Posts about OTT

Data centers have become the largest target client sector for equipment manufacturers and components suppliers over the past ten years. Yet many of these vendors still do not understand that when it comes to data centers, none are the same. And, while there are large categories of data centers, within them there can be much variation in networking needs. In fact, some of the largest data centers network asset acquisition trends have changed drastically in this time period. For this first post in a series, we examine the large categories of data centers and what their data center interconnect (DCI) requirements are ...

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At Light Reading’s recent 2020 Vision summit a number of telecom operators expressed concerned about whether they have the staff skillset and organization needed to support innovation. Is this a valid concern? Yes, but it may not be as big as they fear, and it is addressable...



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Today “over-the-top” or “OTT” strikes fear into wireline Communications Service Providers (CSPs).  What if OTT could inspire thoughts of opportunity rather than eliciting fear of revenue erosion? NFV and SDN Technologies are now coming together with a vast ecosystem of hardware and software components. Together, they enable CSPs to deliver hosted managed services over the top of existing wireline infrastructure.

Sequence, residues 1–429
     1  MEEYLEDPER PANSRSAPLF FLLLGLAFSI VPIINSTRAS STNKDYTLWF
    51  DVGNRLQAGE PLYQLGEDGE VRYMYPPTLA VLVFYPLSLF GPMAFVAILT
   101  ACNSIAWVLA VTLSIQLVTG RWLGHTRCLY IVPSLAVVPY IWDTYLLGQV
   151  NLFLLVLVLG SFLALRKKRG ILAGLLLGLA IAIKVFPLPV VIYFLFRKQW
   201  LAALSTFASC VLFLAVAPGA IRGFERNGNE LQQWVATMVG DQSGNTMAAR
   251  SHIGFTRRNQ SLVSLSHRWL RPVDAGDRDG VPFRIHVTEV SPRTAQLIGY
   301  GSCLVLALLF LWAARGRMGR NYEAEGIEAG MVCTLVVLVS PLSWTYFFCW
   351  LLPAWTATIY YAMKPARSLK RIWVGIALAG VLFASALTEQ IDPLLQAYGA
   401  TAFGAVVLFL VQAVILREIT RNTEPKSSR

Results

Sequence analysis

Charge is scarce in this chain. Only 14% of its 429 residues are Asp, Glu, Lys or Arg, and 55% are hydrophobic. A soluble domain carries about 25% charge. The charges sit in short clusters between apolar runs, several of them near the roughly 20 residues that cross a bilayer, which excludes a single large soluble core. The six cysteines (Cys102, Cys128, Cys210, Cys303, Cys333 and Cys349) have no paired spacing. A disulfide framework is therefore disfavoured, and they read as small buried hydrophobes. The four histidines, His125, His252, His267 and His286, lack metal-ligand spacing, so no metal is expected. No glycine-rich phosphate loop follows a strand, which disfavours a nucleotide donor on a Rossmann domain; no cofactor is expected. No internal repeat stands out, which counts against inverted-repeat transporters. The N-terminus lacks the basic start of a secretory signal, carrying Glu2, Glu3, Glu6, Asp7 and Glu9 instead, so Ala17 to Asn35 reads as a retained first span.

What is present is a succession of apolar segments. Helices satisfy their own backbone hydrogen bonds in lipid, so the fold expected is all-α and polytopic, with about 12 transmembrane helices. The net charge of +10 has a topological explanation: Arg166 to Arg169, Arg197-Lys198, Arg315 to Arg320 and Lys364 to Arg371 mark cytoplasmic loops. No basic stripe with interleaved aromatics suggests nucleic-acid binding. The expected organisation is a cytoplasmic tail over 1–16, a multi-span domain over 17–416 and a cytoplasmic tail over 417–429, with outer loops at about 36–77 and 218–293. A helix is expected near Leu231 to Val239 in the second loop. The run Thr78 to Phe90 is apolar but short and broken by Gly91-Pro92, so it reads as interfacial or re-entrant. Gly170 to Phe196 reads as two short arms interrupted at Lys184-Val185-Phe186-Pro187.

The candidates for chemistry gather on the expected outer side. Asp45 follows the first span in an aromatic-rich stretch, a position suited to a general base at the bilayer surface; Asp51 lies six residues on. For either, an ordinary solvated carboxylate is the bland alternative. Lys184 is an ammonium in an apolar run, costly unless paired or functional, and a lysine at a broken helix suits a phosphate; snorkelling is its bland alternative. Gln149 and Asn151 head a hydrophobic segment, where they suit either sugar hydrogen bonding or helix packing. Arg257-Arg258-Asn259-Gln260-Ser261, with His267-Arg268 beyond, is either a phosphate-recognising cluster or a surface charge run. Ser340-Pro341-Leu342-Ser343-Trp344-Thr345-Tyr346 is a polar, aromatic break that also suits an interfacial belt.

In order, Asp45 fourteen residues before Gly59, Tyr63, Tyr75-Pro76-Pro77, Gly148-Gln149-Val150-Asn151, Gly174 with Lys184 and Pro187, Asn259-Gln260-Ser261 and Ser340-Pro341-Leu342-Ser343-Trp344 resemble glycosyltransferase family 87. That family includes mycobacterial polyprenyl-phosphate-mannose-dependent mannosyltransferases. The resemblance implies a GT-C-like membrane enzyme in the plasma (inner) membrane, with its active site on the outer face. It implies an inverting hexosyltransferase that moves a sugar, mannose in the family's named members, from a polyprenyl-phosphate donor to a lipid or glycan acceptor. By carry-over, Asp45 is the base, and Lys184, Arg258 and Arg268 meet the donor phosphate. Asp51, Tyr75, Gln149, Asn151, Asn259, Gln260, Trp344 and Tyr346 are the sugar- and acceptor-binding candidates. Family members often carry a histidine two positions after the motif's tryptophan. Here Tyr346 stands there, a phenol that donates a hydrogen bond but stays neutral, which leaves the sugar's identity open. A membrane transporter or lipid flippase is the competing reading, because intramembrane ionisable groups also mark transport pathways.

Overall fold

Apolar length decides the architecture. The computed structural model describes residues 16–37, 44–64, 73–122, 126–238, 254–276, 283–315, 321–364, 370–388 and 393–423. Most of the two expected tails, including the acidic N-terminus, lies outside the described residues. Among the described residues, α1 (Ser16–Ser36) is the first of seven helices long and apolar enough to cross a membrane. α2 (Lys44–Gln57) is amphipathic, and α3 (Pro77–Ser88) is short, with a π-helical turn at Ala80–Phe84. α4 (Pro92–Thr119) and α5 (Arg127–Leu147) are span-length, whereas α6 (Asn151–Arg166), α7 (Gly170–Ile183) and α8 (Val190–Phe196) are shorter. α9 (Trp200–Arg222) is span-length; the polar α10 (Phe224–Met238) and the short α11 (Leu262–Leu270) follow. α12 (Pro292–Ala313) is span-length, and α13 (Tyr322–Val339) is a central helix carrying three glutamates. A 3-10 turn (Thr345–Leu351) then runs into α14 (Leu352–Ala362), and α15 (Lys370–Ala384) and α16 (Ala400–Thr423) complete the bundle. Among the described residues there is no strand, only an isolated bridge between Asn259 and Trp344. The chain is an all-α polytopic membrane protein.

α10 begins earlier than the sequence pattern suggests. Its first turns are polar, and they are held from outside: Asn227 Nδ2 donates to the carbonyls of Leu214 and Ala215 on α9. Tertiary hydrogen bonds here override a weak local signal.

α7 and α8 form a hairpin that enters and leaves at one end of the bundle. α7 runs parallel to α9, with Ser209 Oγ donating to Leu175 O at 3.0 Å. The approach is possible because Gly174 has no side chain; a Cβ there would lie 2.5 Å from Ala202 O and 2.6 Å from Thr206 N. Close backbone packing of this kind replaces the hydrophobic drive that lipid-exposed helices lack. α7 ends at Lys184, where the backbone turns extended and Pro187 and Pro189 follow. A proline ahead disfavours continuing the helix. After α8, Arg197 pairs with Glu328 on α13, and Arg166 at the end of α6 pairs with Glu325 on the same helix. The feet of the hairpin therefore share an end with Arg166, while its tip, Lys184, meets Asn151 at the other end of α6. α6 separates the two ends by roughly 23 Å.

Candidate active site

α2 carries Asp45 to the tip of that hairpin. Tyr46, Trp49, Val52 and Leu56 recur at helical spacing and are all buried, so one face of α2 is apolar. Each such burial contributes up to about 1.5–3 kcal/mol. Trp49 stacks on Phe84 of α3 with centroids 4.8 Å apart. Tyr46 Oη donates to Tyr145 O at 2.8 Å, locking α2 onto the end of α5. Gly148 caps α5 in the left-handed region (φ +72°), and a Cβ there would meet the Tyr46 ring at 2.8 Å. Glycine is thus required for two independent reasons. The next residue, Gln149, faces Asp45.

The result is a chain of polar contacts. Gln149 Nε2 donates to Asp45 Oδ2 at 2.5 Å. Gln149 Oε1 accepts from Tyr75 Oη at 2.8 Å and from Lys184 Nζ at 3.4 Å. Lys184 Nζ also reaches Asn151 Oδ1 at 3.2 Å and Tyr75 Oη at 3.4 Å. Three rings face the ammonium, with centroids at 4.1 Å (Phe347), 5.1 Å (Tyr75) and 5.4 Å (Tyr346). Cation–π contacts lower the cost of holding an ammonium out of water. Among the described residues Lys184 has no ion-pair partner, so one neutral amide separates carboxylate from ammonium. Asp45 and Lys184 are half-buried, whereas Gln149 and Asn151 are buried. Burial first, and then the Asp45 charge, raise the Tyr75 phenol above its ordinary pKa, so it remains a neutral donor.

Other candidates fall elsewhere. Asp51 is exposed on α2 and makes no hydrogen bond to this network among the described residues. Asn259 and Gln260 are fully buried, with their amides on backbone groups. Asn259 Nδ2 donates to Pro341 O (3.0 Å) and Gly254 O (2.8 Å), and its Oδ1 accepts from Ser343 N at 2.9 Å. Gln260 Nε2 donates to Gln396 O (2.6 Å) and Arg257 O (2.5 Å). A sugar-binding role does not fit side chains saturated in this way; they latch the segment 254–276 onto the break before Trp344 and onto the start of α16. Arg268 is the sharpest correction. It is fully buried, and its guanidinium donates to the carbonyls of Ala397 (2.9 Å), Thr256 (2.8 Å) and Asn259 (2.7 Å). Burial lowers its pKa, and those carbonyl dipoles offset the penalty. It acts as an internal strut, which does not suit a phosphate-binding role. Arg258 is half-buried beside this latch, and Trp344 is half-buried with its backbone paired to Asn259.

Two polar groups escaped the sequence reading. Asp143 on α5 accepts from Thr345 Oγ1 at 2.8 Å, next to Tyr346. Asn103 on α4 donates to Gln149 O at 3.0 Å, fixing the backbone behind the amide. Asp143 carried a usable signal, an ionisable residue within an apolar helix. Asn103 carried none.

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When you attend telecom conferences as part of your day job as I do, you are frequently subject to the biggest trending spook acronym in the industry: OTT. OTT stands for Over the Top, a rather awkward (in my opinion) denomination for market players who use the Internet (which stands ‘above’ the physical network of telecom operators, at least in the OSI stack) to offer services directly to the telecom operators’ customers.
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It's almost impossible to open a tech publication or even a mainstream publication and not find a discussion about the continued fierce growth in mobile data and hyperbole on the consequences. Only this weekend the FT featured a discussion on the U.K.'s 'capacity crunch' and how networks will (or more to the point, won't) cope in 2030 when we're consuming 300 times more mobile data than today. I'm amazed that some people are already discussing the failure of networks that are eighteen years away.
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